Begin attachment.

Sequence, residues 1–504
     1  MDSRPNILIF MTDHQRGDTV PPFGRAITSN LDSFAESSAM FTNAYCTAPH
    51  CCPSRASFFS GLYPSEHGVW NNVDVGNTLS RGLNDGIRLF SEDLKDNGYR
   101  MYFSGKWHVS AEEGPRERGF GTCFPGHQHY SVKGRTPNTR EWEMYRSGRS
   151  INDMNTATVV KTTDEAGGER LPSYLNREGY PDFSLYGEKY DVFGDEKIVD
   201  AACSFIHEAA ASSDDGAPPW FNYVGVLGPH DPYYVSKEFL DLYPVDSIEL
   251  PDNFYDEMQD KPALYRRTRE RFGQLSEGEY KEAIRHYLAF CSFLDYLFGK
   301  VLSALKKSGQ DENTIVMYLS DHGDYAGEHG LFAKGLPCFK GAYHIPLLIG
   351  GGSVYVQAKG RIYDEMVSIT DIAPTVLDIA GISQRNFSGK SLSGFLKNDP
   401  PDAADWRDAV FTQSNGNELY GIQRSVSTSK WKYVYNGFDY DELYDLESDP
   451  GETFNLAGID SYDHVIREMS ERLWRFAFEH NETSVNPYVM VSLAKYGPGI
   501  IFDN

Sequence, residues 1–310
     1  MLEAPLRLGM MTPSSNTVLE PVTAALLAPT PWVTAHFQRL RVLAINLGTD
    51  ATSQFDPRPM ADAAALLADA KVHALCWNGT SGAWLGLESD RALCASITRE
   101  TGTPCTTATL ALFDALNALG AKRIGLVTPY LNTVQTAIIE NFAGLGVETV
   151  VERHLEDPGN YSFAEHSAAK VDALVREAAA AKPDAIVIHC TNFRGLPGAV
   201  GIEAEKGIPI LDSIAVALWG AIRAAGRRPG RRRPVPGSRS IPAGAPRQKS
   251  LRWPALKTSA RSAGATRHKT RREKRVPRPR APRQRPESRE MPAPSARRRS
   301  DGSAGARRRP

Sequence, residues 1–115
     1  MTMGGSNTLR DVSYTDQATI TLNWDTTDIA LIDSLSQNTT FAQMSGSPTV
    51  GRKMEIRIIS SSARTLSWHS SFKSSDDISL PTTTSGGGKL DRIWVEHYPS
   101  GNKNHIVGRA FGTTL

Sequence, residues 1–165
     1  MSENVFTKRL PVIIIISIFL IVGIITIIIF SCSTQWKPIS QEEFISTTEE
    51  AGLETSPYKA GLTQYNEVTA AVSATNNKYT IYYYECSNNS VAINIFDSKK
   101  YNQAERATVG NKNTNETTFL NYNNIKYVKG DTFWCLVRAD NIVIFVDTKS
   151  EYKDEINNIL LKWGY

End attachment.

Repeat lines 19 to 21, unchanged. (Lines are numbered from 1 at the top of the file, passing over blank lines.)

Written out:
   251  LRWPALKTSA RSAGATRHKT RREKRVPRPR APRQRPESRE MPAPSARRRS
   301  DGSAGARRRP

Sequence, residues 1–115